6,500 rich Indians are migrating: So what? It's not the full picture
The news that around 6,500 Indian millionaires would move out of the country in 2023 has hit the media headlines to the extent of becoming a political talking point as to why the rich are leaving India with their wealth despite the Prime Minister’s Make-in-India call.
The figure 6,500 appears to be big at first sight. But it needs to be put in perspective.
According to the Knight Frank India report, the Indian high-net-worth individual (HNWIs) population, each with an asset value of $1 million and more, was recorded at 797,714 persons in 2022. So, 6,500 migrating persons comprise 0.81%, i.e., not even 1% of HNWIs.
What about their share in the Indian diaspora? As per the latest data from the Indian Ministry of External Affairs, 2.5 million Indians migrate overseas every year. The total strength of the Indian diaspora, comprising non-resident Indians (NRIs) as well as persons of Indian origin (PIOs), numbers 32 million at present. So, 6,500 Indians migrating is otherwise no big deal except that they all have a wealth of $1 million and more.
So, why are the wealthy moving out? Inquiries with some HNWIs by The Federal reveal that there are primarily two reasons: 1) Ease of doing business, and 2) Quality of life. Before dealing with these two issues, first, a few words about the shortcomings of the report.
Omissions and gaps in the Henley report
Vishwambhar Pati, who was an NRI when he was teaching at Harvard University as an assistant professor in mathematics, questions the very methodology adopted by the Henley report.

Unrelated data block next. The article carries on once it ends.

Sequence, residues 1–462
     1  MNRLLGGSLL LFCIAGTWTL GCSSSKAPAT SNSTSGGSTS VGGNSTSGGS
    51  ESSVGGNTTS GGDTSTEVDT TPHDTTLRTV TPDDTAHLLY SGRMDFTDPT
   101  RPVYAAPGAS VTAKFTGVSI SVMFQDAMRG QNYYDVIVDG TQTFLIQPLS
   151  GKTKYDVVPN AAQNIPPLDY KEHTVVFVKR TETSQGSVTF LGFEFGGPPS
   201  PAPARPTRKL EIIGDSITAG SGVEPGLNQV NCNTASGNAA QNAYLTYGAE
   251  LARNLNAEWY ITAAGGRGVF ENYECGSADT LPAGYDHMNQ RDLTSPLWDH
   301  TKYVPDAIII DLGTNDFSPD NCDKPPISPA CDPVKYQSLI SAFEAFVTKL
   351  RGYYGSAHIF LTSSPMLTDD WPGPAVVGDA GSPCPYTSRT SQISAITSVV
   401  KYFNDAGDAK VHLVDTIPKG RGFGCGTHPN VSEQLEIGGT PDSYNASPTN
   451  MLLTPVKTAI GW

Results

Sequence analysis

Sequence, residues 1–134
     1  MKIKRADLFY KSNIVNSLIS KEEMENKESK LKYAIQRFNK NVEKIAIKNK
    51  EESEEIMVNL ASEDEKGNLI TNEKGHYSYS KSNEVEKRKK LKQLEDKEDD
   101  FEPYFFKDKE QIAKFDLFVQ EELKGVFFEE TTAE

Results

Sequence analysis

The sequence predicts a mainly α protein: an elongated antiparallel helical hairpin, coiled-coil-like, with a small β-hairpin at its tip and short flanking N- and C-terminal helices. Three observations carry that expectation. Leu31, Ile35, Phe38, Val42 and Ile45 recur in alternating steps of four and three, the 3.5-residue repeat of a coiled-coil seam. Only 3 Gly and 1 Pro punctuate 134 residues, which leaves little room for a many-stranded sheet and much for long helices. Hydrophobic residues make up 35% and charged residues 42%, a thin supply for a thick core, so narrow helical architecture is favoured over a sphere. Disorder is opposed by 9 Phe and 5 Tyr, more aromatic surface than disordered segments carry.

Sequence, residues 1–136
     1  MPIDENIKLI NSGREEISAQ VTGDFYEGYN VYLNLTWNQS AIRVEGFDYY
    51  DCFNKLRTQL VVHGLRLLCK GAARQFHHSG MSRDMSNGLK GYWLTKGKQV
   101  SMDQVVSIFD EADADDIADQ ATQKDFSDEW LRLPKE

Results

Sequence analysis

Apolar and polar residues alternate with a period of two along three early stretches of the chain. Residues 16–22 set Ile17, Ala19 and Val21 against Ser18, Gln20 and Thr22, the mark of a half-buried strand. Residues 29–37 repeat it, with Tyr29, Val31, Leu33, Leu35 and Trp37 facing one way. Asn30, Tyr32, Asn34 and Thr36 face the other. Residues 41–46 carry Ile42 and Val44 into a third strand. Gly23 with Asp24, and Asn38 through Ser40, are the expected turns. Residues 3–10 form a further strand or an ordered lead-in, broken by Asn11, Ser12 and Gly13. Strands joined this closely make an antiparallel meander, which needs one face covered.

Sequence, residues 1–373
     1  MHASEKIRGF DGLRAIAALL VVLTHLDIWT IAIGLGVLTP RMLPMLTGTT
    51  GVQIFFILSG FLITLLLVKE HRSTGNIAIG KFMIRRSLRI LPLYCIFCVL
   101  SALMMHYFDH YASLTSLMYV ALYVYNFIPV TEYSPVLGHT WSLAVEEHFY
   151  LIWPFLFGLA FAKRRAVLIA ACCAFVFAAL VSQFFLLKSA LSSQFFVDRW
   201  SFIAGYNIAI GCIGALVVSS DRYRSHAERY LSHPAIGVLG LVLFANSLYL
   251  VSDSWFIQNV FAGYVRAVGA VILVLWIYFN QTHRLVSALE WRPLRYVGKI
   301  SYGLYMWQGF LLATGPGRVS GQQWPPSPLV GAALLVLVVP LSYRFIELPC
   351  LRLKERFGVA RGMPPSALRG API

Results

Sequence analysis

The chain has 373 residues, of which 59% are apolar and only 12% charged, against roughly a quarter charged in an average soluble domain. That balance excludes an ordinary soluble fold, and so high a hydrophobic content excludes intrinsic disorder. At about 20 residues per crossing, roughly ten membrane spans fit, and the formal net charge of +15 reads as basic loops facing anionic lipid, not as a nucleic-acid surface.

He told The Federal: “It isn’t clear why the number of HNWIs migrating to (or from) a country, if viewed in isolation, is a significant indicator of anything. For example, the (in)famous Vijay Mallya was an HNWI who “migrated” to Britain to escape prosecution in India. As far as I can see, he has only tied up British courts in interminable litigation, and enriched only a few lawyers. Other than that, no new jobs have been created in Britain by his presence there.”
Pati thinks perhaps a better (though harder to measure) indicator would be the larger wealth/employment/investment creation by capital moving across national borders.
Satya Sivaraman, a journalist based in Thailand, also found the very definition of HNWIs in the report flawed. He told The Federal: “A million dollars used to be a lot of money once, but not now. By this definition, all the residents of Defense Colony and other posh localities of South Delhi would qualify as HNWIs. They may be part of the Indian middle class but not necessarily high-net-worth Indians.”